Tungsten Black Hole Model
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WE LAUNCHED THIS PRODUCT ON KICKSTARTER AND IT WAS FUNDED OVER 200%
If you compress any amount of mass, it becomes denser. If you compress it enough, it will become so dense that light can no longer escape it—this size is the object’s Schwarzschild radius. An object that is compressed smaller than this radius is a black hole.
This tungsten sphere has been engineered to have exactly the same radius as the Schwarzschild radius of Earth. If you compressed all of the mass of Earth into the volume of this tiny sphere, it would be so incredibly dense that you would not even be able to see it.
This sphere is a great aid for comprehending the scale of black holes and their extreme density. Made of tungsten, one of the densest elements in the universe, to help illustrate the high density of such an object. Also makes a great tungsten (W, 74) sample for element collectors.
Every object has a Schwarzschild radius proportional to its density: the Sun's is 3km, Jupiter’s is 2.62m, and a hamburger’s is smaller than a single atom. Karl Schwarzschild derived this property in 1915 using Einstein’s recent field equations.
Free "Earth as a black hole" pin with purchase, also pictured.
Radius: 8.87 mm
Weight: 53.34 g
Density: 18.5 g/cc
Our model was recently used as a visual aid in a lecture on black holes by renown astrophysicist Brian Greene! (Black Hole featured around 22:54, but we recommend the whole lecture!)
CALCULATE ANY SCHWARZSCHILD RADIUS YOURSELF
WHAT IS TUNGSTEN?
Tungsten , or wolfram, is a chemical element with the symbol W and atomic number 74. The name tungsten comes from the former Swedish name for the tungstate mineral scheelite , tungsten which means "heavy stone". Tungsten is a rare metal found naturally on Earth almost exclusively combined with other elements in chemical compounds rather than alone. It was identified as a new element in 1781 and first isolated as a metal in 1783. Its important ores include wolframite and scheelite .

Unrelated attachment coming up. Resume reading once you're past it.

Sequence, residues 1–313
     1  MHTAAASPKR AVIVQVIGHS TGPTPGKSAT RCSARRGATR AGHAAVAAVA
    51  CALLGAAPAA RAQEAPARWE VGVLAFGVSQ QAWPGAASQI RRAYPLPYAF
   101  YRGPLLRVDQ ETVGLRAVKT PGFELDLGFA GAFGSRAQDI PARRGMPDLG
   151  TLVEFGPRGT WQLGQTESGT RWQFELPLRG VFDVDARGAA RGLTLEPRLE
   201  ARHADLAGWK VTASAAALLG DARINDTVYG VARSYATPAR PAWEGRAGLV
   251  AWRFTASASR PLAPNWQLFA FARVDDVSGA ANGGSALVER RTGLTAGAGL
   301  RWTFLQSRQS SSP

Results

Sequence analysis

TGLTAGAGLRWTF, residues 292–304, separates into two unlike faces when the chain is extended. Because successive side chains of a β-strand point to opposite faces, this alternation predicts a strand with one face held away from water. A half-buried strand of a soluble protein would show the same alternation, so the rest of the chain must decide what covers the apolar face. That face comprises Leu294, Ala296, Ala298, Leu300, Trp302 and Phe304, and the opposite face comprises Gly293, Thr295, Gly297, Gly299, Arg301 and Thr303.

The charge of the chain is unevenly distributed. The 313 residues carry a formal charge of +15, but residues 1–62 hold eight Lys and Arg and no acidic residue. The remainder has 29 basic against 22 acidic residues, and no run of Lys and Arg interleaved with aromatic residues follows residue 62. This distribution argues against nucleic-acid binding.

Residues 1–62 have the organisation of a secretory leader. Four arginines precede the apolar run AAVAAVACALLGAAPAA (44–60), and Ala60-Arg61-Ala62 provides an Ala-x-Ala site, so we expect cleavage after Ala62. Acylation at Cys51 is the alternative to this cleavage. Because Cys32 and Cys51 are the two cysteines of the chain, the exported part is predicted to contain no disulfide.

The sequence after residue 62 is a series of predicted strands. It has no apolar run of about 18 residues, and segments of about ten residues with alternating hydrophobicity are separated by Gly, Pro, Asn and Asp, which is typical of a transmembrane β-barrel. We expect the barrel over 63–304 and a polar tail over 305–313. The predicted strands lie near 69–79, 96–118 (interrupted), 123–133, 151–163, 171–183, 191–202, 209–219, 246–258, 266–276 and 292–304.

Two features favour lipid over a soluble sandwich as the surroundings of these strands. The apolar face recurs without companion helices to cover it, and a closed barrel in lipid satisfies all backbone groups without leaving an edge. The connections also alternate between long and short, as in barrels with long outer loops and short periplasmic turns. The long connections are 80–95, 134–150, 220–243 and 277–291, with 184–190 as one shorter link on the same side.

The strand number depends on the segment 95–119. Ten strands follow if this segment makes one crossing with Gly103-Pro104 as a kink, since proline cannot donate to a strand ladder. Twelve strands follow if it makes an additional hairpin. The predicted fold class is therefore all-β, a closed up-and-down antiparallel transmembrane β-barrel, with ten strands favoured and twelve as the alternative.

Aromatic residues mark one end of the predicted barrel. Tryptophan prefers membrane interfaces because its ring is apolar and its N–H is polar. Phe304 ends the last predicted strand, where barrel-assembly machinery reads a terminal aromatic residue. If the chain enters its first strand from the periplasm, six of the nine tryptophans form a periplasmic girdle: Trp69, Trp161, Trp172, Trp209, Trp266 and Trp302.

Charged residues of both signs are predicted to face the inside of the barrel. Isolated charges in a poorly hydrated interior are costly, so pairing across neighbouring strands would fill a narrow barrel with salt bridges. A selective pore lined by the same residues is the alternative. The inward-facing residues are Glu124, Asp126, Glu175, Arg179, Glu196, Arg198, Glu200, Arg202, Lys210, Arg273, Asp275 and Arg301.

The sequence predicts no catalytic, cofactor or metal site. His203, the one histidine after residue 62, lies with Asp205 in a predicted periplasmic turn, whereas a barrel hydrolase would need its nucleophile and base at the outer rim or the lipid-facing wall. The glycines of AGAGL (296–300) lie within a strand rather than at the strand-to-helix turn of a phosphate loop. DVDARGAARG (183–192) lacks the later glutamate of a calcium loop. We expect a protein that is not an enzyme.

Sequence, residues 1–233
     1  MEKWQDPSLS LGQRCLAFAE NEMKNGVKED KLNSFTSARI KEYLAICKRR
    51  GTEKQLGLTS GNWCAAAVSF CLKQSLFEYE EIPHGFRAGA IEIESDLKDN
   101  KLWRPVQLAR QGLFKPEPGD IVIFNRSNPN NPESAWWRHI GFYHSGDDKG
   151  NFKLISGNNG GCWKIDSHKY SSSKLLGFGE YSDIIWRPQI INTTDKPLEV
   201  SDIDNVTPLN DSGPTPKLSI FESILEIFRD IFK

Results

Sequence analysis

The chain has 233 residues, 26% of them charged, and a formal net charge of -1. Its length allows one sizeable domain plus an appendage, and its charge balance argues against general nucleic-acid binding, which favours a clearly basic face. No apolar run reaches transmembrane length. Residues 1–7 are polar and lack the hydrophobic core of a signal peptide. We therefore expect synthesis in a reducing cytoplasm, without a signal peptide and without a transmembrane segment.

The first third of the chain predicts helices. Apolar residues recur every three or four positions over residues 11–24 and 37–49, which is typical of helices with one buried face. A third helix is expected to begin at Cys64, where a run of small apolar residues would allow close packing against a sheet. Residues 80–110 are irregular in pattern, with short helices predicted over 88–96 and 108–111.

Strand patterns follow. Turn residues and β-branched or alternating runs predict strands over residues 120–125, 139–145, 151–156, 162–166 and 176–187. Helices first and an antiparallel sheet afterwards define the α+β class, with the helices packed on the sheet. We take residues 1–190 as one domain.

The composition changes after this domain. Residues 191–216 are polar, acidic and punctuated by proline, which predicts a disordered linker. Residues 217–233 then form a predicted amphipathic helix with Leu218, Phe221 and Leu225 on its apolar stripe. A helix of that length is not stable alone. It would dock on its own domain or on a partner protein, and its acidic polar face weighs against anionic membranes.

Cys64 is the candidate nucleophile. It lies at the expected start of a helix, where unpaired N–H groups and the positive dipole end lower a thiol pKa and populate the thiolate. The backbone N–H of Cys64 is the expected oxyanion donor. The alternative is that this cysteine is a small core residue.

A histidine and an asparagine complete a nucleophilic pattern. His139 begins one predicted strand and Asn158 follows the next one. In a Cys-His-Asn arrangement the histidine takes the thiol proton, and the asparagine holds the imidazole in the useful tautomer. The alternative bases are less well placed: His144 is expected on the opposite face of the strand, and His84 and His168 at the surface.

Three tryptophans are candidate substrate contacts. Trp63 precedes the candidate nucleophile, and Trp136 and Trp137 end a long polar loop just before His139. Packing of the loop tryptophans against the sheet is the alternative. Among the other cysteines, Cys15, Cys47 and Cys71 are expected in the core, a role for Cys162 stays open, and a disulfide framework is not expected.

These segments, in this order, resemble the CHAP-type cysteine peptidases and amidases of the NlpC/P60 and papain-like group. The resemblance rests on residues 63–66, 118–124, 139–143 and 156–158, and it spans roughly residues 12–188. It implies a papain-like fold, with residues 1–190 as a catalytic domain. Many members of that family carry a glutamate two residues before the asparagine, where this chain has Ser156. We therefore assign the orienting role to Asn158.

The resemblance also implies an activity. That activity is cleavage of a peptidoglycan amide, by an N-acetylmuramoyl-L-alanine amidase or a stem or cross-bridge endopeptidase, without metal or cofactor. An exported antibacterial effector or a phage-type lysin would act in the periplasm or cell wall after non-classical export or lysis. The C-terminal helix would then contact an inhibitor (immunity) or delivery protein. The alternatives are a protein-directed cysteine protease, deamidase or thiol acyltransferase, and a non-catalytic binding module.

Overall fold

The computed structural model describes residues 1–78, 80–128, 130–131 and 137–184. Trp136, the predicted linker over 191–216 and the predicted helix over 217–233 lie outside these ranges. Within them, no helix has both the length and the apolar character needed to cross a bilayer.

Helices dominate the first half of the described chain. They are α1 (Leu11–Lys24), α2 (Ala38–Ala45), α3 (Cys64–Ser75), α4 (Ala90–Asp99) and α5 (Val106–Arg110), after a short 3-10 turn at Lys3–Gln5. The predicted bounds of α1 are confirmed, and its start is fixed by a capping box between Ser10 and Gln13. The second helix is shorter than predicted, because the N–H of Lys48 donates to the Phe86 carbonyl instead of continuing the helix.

The free element is remarkable for its robustness, especially the fact that it has the highest melting point of all the elements discovered, melting at 3,422 °C (6,192 °F; 3,695 K). It also has the highest boiling point , at 5,930 °C (10,710 °F; 6,200 K). Its density is 19.25 times that of water, comparable with that of uranium and gold , and much higher (about 1.7 times) than that of lead. Polycrystalline tungsten is an intrinsically brittle and hard material (under standard conditions, when uncombined), making it difficult to work . However, pure single-crystalline tungsten is more ductile and can be cut with a hard-steel hacksaw.
Tungsten's many alloys have numerous applications, including incandescent light bulb filaments, X-ray tubes (as both the filament and target), electrodes in gas tungsten arc welding , superalloys , and radiation shielding . Tungsten's hardness and high density give it military applications in penetrating projectiles . Tungsten compounds are also often used as industrial catalysts.
Great little curiosity for my desk. An interesting conversation starter. Thanks!
The concept of the Tungsten Black Hole Model alone is fantastic, and the implementation is brilliant. The tungsten bearing is well finished, with a nice shine, and the density makes it just that little bit easier to imagine. The base is also 3-D printed, which demonstrates an appreciable environmental thrift.
He has talked about this and how cool it is. I’m sure he will love it.
Very small but granddaughter will still love it